22 September 2022
A team at the University of Warwick has developed a pair of freely available card games about the Scottish witch hunts, in support of charity.
In ‘Witch Hunt 1649’, players take the roles of neighbours in a seventeenth-century East Lothian community. Dr Martha McGill, British Academy Postdoctoral Fellow in History and leader of project, comments: “The games aim to be sensitive and non-sensationalised, promoting understanding of the historical backdrop of the witch trials and empathy for their victims. While we wanted the games to be fun, we also wanted them to encourage serious reflection. Stepping into the shoes of fictionalised historical figures is a memorable learning device, encouraging deeper consideration of the life circumstances, agency and motivations of past actors.”
Scotland made witchcraft a capital offence in 1563. The Witchcraft Act was not repealed until 1736, by which time something in the region of 3,000 people may have been executed. 1649 was a year of particularly intense prosecution, partly because it was also a time of political and social turmoil. King Charles I was executed at the beginning of the year, and the radical Kirk Party that came to power in Scotland was keen to stamp down on sinful behaviour. Pressure to root out evil came from above, but the witch trials were also driven from below: prosecutions typically began when neighbours accused others, usually following an argument. Approximately 84% of those accused were women, most commonly those of middling age and social status who were known for being quarrelsome.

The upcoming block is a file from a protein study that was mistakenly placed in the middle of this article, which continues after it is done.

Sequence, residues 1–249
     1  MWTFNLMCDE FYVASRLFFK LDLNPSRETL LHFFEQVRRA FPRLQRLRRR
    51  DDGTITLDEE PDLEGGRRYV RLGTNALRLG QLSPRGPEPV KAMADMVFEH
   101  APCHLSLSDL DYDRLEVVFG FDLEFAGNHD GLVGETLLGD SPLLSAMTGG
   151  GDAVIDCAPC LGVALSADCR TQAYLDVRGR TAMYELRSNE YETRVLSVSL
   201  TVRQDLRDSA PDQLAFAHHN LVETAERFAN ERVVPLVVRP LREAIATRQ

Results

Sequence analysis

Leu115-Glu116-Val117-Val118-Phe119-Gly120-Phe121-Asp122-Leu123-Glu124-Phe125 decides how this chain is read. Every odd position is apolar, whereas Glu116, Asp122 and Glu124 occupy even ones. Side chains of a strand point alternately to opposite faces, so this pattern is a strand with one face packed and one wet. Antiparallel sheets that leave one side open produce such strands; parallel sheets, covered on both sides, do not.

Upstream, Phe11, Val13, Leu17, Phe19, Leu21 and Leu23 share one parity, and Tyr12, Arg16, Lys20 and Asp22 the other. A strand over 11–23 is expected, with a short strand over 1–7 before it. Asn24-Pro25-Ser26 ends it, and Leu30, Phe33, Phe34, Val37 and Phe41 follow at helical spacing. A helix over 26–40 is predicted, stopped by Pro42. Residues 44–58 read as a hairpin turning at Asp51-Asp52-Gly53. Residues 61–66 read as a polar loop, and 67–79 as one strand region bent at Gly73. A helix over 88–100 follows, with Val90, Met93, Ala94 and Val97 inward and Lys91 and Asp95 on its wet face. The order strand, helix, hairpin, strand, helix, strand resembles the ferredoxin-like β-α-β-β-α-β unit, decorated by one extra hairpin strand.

Witch Hunt 1649 includes two games. The Dregs of Days (lead designer Martha McGill) is suitable for 2-7 players, and takes about ten minutes per player. It explores tension and hardship in seventeenth-century Scottish communities, as well as looking at the accusations raised in witch trials. Players are typically allied in pairs. Fate cards require players to navigate tricky scenarios, but also allow them to buy assets, which can be used defensively or to attack others. Each game includes at least one trial, featuring accusations of magical malpractice or Satanic pacts drawn from historical records. Story cards provide further historical context.
Lying Lips (lead designer Emmay Deville) is suitable for 3-6 or 8 players, and lasts about 5 minutes per player. It aims to reflect the importance of rumour and slander in the witch hunts. In the first phase of the game, players trade assets while gossip about witchcraft circulates around the village, represented by the Rumour card. In the second phase of the game, a witch trial takes place. Players take on roles, with the trial commissioner and jurors aiming to identify the chief scandal-mongerer.
The games can be played with family and friends, or used in classrooms (recommended for ages 14+). It is possible to download and print them at home, to play online, or to purchase a professionally printed version. All proceeds go to charity. Sales are currently support the Coventry Rape and Sexual Abuse Centre, in recognition of its work combatting (often gender-based) violence.
The team is grateful for funding from the University of Warwick, and for the input of its historical consultants, playtesters and logistical supporters, listed here. The project was inspired by Virtus, a card game about medieval masculinity produced by Professor Frank Klaassen and students at the University of Saskatchewan.